Perceptions on Governance for Effective Adaptation to Climate Change within Community-Based Wildlife Conservancies in Kenya

Published on : January 2022

International Grassland Congress




Kibet, S., & Wasonga, O. V.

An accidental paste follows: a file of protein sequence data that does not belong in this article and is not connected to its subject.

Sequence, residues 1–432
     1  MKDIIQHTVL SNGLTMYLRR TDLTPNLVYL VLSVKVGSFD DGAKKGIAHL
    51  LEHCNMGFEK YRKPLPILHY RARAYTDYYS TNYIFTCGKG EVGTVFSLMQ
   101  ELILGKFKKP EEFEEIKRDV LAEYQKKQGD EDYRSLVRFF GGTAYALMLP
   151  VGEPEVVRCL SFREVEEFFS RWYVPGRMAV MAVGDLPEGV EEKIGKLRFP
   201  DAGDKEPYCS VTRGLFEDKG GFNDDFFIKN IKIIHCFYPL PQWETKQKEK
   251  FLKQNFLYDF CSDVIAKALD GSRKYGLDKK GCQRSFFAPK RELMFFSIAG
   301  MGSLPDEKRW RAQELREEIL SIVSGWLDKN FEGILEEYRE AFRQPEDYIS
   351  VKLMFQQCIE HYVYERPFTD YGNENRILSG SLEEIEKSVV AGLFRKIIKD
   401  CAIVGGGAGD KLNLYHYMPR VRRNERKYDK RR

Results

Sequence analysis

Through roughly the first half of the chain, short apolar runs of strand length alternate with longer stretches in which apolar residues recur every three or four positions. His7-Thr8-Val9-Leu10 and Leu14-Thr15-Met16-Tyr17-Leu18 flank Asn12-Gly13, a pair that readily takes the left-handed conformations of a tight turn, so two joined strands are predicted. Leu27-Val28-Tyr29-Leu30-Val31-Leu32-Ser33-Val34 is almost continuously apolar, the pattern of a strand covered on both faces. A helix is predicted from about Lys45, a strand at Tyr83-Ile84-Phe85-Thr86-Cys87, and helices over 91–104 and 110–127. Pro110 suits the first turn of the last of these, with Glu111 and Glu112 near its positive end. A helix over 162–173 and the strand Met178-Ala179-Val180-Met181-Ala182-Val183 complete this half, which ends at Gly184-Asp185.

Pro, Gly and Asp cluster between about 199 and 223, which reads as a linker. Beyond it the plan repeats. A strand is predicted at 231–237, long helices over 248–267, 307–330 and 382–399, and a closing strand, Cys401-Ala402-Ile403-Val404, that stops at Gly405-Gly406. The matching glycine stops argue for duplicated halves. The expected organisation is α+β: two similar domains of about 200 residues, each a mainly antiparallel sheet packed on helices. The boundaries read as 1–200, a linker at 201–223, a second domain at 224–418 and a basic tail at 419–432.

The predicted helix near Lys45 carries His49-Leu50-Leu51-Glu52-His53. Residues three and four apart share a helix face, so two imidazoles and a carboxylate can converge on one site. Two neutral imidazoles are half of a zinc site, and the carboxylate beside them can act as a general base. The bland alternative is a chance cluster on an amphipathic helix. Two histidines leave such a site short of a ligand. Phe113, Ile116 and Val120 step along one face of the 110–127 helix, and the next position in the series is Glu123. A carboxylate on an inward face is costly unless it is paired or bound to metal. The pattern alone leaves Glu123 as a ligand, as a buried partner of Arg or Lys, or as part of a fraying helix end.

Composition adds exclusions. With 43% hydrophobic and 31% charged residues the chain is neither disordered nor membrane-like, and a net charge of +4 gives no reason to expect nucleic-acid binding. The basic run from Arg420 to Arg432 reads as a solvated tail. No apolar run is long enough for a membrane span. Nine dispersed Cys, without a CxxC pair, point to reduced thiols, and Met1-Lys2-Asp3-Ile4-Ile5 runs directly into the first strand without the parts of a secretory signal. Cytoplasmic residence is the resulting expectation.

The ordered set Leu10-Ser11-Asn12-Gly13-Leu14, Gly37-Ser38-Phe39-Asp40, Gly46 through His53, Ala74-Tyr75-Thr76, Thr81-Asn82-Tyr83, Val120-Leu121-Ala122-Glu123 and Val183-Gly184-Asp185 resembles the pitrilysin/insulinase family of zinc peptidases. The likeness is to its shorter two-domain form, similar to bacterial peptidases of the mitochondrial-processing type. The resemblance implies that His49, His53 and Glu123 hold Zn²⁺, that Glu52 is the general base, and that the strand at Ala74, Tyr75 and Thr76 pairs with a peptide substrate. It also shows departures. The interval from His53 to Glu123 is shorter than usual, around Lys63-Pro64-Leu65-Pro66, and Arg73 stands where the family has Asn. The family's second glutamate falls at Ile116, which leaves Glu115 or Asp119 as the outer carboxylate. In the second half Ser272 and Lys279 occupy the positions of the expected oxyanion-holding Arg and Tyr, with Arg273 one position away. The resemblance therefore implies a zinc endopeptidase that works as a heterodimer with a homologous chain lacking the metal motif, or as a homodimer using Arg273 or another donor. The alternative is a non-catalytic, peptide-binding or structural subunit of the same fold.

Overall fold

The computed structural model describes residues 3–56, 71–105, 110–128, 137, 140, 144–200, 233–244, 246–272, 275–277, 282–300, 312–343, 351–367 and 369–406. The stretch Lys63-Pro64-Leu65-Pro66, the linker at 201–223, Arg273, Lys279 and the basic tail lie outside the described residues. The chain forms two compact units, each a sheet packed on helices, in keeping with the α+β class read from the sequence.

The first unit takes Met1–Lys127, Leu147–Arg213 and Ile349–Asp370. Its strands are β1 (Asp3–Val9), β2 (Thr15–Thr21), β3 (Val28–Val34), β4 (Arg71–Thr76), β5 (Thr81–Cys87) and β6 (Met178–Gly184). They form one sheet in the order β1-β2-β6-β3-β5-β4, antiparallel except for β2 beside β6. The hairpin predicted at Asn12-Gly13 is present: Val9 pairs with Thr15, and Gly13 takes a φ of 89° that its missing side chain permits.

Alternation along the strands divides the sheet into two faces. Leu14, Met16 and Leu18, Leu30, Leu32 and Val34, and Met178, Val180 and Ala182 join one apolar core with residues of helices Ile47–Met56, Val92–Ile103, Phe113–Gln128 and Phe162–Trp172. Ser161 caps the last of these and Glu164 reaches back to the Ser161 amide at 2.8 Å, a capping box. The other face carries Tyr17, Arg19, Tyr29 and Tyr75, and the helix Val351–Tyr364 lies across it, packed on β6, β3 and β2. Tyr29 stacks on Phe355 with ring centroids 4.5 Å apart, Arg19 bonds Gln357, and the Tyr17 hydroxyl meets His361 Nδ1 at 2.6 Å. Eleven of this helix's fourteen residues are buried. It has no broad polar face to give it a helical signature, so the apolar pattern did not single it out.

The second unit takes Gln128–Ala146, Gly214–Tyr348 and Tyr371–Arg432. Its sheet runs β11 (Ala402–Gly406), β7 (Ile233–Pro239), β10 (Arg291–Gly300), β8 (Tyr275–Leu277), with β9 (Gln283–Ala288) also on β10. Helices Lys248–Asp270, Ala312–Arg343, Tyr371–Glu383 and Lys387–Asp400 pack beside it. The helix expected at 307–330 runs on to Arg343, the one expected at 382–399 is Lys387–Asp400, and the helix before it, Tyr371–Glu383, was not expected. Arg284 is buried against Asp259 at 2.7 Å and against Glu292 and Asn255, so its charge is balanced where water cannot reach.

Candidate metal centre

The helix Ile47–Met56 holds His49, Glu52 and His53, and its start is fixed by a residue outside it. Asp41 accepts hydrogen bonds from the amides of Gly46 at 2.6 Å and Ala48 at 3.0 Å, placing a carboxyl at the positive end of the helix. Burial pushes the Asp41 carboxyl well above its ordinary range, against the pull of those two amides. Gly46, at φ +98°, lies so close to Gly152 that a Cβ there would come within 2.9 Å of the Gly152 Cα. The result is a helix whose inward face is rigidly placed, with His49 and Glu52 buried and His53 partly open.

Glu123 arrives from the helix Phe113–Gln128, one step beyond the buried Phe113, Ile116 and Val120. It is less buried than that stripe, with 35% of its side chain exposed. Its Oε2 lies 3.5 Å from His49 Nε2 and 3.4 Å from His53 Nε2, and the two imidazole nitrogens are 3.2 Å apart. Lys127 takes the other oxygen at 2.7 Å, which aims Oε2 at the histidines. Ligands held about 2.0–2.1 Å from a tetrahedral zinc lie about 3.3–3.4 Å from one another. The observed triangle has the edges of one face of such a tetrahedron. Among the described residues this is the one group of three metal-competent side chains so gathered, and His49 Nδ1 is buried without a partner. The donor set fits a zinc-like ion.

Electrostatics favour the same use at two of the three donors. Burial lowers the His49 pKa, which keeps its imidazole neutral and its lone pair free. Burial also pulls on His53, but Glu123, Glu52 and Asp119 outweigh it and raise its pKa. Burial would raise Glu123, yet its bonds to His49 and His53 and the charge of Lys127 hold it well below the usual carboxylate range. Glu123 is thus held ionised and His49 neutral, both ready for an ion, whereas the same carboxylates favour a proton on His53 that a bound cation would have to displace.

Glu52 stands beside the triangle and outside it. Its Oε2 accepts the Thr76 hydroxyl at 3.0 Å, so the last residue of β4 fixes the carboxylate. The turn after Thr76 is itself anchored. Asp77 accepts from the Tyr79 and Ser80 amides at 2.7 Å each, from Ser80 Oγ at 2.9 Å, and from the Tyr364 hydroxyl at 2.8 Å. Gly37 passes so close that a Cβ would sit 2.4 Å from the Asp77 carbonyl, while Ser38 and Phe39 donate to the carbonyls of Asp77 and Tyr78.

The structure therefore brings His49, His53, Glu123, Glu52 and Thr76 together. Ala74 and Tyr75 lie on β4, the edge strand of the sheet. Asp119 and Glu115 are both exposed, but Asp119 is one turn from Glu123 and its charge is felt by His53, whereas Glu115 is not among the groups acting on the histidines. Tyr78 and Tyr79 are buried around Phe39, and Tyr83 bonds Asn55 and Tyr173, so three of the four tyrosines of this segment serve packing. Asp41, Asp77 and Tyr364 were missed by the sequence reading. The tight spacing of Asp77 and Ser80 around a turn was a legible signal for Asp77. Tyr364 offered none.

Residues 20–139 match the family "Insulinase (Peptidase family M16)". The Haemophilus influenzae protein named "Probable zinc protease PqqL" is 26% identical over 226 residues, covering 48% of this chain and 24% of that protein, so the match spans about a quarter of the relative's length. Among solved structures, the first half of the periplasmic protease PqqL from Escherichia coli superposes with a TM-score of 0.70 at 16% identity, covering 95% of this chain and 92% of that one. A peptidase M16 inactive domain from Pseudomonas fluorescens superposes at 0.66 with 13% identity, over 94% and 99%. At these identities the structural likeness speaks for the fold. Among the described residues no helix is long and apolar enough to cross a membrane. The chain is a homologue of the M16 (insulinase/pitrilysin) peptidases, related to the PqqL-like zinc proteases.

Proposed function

Community-based wildlife conservancies (CBC) represent a broad spectrum of new management arrangements and benefit sharing partnerships in natural resource management by none state agents, but who, by virtue of their collective location and activities, are critically placed to shape the present and future status of these resources. This approach of wildlife management is increasingly gaining popularity as an option for achieving sustainable co-existence and complementarity between wildlife conservation and livestock production in the drylands of Kenya. Despite difference in ownership and governance structure in place, all conservancies have instituted new rules of control and access. This study sought to understand whether the governance system promoted inclusivity among the various social groups and secondly whether or not the model promotes enhancement of household resilience. Quantitative and Qualitative data based on household surveys, focus groups discussions and Key informants’ interviews were collected in two counties of Samburu and Isiolo and subjected to Q1Macros for descriptive analysis. The CBCs are governed by a board, supported by sub-committees. The board provide leadership and oversight and ensures transparency, adherence to the law, and equitable representation and sharing of revenue. Women representation in the boards recommended, and almost compulsory in Northern Rangeland Trust (NRT) supported conservancies. Broadly, household’s social amenities as health facilities, bursaries for school going children, and access to credits have improved under CBC. Movement of livestock between conservancies in search of pastures and water during drought is managed through grazing committees but is not effective during times of prolonged droughts. Traditional system based on the value of reciprocity, is eroding with the creation of new forms of resource management where others may be excluded. Simmering mistrust amongst neighbouring pastoral communities is not in common. Reciprocity for water and pastures within and between communities and within neighbouring Counties must be factored in CBC implementation plan.